The various labels for Putinism put the stress on different aspects of the regime: its increasingly authoritarian bent, reflected in the suppression of dissent and the spread of security service personnel throughout the state apparatus; its hollow performance of democratic rituals such as elections, emptied of any actual democratic content; its artful manipulation of appearances through its grip on the media; its endemic corruption, and the related entanglement of officialdom with organised crime. Underpinning most Western analyses is the idea that all this represents a sharp break with what came before: as the standard story has it, the Yeltsin years saw the installation of a turbulent, flawed democracy; Putin has presided over an anti-democratic turn – even, for some, a regression towards state socialism. The tone was set early on by Putin’s frequent mentions of the ‘vertical of power’: in stark contrast to the apparent free-for-all of the 1990s, he established a clear chain of command, firmly subordinating Russia’s regional governors to Moscow and bringing the whole country’s administrative structure increasingly under the control of the United Russia party. This emphasis on central authority appeared to be echoed in the economy, as the state moved to regain its hold over strategic sectors such as oil and gas. By 2004, Putin appointees were in charge of seven companies which accounted for 40 per cent of GDP – a phenomenon referred to as ‘Kremlin Inc’, and seen as evidence of a turn away from free market capitalism towards a statist model. In The Man without a Face, Masha Gessen concluded that Putin’s goal was a steady and deliberate ‘transformation of Russia back into the USSR’, while in Putin’s Kleptocracy, Karen Dawisha insisted, in more excitable vein, that we need to understand his rule as the triumph of a nefarious KGB ‘cabal’ which had spent the 1990s preparing for a creeping revanchist takeover.
The figure of the president has always loomed large in discussions of the regime: in a country in which political power is not only highly concentrated but deeply personalised, the preferences and whims of the ‘First Person’ – the fawning title of a book of interviews with Putin published in 2000 – take on an outsize importance. Hence the attention devoted to Putin’s career, from his youth in 1950s and 1960s Leningrad to KGB spy work in East Germany in the 1980s; then a stint in the city government of his native St Petersburg from 1990 to 1996, followed by a move to Moscow and rapid promotion through the ranks of the Yeltsin administration, culminating in his surprise appointment as prime minister in 1999. The decade and a half of unrivalled dominance he has enjoyed since then have only increased the gravitational pull he exerts on Russia-watchers; he stands as both explanation and embodiment of the country’s defects. Since his return to the Kremlin, the already extensive literature on Putin and Putinism has had a growth spurt: in addition to Gessen’s and Dawisha’s books, in the last two years alone there have been journalistic accounts – Ben Judah’s Fragile Empire (2013), Marc Bennetts’s Kicking the Kremlin (2014), Anna Arutunyan’s The Putin Mystique (2014) – as well as analyses by academics and think-tankers: Alena Ledeneva’s Can Russia Modernise?, Fiona Hill and Clifford Gaddy’s Mr Putin: Operative in the Kremlin (2013) and Richard Sakwa’s Putin Redux (2014).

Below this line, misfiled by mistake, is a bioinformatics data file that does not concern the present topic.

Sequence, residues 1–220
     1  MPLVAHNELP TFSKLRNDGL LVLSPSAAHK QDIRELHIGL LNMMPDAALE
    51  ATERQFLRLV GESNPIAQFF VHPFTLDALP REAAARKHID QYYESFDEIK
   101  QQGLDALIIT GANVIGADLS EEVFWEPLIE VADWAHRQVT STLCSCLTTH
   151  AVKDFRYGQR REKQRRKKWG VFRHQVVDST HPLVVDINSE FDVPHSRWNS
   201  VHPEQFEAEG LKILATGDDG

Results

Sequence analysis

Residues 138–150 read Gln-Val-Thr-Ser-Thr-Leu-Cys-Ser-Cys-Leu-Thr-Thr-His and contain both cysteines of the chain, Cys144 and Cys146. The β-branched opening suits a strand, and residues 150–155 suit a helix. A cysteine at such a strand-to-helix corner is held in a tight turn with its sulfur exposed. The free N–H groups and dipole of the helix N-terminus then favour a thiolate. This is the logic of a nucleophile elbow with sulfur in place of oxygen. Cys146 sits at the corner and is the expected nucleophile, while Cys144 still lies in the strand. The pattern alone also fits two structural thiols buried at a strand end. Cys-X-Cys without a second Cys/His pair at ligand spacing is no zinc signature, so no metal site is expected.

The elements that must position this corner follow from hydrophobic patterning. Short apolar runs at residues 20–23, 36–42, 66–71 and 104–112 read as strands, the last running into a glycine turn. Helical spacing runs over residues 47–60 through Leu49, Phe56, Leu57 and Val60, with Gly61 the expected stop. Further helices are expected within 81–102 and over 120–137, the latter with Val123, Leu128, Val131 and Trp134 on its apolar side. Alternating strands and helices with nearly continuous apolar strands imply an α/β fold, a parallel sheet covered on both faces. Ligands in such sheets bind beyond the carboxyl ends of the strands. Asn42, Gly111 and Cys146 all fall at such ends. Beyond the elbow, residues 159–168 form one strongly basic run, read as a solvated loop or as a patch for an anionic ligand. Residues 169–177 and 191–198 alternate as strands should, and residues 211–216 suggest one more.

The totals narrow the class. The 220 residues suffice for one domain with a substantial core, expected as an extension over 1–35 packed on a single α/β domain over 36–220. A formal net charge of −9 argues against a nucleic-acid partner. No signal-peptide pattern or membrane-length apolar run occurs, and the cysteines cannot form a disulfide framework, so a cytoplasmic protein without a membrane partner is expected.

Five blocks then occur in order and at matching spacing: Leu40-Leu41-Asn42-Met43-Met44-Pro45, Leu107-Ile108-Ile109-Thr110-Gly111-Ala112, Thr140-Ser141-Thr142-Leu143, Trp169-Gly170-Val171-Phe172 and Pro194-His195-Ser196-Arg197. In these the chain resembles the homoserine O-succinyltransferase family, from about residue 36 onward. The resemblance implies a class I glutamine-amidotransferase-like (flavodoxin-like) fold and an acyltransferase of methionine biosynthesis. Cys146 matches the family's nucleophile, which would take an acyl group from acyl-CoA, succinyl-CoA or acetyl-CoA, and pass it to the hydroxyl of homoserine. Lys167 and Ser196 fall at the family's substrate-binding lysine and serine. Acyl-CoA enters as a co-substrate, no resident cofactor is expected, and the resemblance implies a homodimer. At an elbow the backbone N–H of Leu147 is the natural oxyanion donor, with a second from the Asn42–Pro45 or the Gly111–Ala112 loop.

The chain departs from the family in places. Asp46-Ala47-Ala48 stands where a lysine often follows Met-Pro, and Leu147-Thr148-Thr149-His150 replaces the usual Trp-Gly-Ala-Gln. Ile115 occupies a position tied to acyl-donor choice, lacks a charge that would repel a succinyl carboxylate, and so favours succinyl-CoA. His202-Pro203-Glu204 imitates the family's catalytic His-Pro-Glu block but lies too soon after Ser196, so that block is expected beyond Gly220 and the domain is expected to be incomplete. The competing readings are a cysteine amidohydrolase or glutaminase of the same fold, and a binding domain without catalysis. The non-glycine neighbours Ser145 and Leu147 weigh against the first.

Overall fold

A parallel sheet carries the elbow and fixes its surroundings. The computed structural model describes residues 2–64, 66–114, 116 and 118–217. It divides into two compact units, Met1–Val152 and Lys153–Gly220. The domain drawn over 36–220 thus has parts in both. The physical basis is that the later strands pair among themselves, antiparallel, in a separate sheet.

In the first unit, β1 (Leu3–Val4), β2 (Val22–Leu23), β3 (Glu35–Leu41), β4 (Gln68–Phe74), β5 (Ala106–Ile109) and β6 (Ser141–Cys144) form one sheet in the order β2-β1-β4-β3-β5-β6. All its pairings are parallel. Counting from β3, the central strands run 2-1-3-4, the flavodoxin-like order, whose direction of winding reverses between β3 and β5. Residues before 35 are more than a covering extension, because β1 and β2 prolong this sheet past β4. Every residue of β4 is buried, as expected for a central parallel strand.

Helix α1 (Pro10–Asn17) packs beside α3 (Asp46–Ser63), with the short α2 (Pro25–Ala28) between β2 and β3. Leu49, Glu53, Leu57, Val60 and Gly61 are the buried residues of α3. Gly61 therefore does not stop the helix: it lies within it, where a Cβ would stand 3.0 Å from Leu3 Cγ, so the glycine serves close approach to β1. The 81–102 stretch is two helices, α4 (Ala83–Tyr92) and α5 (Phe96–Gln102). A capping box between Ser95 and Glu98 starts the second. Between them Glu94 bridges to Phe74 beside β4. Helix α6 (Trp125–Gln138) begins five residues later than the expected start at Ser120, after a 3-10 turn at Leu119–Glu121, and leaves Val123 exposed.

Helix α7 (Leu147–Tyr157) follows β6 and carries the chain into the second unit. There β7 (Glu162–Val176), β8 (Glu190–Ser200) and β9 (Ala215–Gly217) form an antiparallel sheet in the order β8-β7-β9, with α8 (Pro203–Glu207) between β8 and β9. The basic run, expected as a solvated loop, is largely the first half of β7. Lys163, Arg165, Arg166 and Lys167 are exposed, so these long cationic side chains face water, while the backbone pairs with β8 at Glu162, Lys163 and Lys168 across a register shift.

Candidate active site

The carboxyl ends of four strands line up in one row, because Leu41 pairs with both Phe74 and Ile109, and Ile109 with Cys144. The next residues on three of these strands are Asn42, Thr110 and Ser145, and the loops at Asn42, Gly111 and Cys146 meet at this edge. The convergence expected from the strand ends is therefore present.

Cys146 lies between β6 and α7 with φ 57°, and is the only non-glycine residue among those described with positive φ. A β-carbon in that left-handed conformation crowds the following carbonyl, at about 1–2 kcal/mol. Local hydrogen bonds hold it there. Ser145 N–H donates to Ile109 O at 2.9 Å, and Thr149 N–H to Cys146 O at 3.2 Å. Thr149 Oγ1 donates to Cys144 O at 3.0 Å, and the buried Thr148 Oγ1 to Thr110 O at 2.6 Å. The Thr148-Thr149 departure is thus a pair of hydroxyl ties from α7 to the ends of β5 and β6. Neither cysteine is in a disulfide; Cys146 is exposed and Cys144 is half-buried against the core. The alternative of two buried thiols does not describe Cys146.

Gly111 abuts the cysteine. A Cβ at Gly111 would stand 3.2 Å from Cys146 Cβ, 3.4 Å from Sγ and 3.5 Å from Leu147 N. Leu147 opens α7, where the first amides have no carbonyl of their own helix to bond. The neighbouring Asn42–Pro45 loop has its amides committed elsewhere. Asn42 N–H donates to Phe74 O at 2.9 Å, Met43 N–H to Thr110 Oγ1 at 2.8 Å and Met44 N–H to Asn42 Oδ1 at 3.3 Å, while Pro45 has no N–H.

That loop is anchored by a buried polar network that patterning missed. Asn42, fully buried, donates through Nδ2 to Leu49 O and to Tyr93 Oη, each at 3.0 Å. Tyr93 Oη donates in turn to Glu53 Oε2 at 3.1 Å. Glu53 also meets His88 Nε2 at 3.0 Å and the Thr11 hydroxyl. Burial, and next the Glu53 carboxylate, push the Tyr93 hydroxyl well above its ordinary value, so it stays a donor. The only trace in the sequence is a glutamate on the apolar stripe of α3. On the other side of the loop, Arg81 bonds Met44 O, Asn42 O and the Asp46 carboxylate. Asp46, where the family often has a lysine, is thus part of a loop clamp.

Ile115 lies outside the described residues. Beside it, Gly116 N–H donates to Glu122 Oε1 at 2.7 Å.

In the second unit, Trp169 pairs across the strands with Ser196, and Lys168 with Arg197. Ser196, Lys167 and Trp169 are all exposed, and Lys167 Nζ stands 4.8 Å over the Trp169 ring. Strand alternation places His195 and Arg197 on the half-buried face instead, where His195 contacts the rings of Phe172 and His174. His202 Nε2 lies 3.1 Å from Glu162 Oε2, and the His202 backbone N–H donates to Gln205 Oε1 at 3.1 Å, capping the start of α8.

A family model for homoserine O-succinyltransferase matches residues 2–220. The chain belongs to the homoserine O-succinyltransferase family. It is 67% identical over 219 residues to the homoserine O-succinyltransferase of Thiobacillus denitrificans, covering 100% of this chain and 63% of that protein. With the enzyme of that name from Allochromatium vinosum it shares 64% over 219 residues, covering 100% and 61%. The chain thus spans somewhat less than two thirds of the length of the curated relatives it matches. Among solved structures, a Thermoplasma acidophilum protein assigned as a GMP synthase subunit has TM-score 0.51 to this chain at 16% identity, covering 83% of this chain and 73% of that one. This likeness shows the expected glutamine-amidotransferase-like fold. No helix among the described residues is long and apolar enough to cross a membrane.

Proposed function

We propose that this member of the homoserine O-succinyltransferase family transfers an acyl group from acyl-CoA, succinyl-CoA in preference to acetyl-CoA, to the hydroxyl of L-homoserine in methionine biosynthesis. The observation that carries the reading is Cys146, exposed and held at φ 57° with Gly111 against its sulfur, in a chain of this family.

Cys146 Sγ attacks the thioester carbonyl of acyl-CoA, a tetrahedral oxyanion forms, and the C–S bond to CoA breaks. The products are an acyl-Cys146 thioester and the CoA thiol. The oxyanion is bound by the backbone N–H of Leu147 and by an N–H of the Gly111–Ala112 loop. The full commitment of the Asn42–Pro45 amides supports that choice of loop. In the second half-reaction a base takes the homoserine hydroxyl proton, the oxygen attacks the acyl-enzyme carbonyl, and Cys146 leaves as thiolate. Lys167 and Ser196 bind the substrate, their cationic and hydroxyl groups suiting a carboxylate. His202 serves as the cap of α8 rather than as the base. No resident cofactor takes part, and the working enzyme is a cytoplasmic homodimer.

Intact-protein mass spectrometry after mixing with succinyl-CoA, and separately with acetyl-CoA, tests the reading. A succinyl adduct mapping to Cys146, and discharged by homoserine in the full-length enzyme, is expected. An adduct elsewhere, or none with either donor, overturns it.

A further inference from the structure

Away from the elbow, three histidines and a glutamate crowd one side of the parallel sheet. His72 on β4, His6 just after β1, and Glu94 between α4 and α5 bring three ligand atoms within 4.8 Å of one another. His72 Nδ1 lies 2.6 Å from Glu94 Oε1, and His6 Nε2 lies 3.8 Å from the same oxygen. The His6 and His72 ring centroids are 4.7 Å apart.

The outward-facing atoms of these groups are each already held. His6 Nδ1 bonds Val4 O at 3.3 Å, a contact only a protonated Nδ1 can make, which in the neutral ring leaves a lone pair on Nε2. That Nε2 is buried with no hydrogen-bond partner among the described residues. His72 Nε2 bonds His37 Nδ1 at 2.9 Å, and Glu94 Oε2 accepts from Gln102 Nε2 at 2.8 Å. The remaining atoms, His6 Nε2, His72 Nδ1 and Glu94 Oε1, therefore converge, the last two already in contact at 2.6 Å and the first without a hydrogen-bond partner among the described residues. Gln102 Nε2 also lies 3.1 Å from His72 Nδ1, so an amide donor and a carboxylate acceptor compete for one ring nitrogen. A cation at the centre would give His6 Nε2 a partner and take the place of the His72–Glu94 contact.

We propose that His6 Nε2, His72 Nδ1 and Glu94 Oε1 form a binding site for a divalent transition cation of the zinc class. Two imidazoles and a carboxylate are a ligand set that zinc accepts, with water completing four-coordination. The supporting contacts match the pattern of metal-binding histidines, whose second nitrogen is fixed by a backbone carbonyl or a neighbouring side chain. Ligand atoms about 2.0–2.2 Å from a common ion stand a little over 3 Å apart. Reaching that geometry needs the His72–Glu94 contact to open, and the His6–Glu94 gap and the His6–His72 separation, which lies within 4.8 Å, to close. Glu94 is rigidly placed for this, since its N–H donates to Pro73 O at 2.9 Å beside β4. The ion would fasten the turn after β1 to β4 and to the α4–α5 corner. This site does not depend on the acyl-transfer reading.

New Year’s Eve 1999 – when Yeltsin appeared on Russian TV screens to announce his resignation as president in favour of Putin – is often taken to mark a major turning point, from the ‘fevered 1990s’ to the stability of the ‘Zero Years’, as the 2000s are known, the moment when Yeltsin’s erratic improvisation gave way to the cold calculation personified in Putin. Economically, the prolonged post-Soviet collapse was followed by recovery after the 1998 ruble crash and then an oil-fuelled boom, while in the media a boisterous incoherent pluralism was replaced by deadening consensus. But there were deeper continuities in the system both men commanded.
Politically, the ‘managed democracy’ of the 2000s was not a perversion of Yeltsinism but its maturation. Faced with a fractious legislature – the Congress of People’s Deputies elected in 1990 – Yeltsin bombed it into submission in October 1993 and then rewrote the constitution along hyper-presidential lines, getting it approved by a rigged referendum that December. Even before that, he had sidestepped democratic accountability by implementing much of the key legislation that shaped the post-Soviet economy through a series of decrees – some of them, notably on privatisation, drafted by Western advisers. Thanks to the notorious ‘loans for shares’ deals of 1995-96, a handful of oligarchs obtained vast holdings in oil and metals companies in exchange for flooding the media outlets they owned with anti-Communist propaganda – a vital contribution to prolonging Yeltsin’s grip on power, though generous financial assistance from the West and electoral violations also played their part. In Chechnya, Yeltsin moved to crush local aspirations to sovereignty, unleashing total war against the civilian population in 1994, though the Russian army had been fought to a standstill by 1996.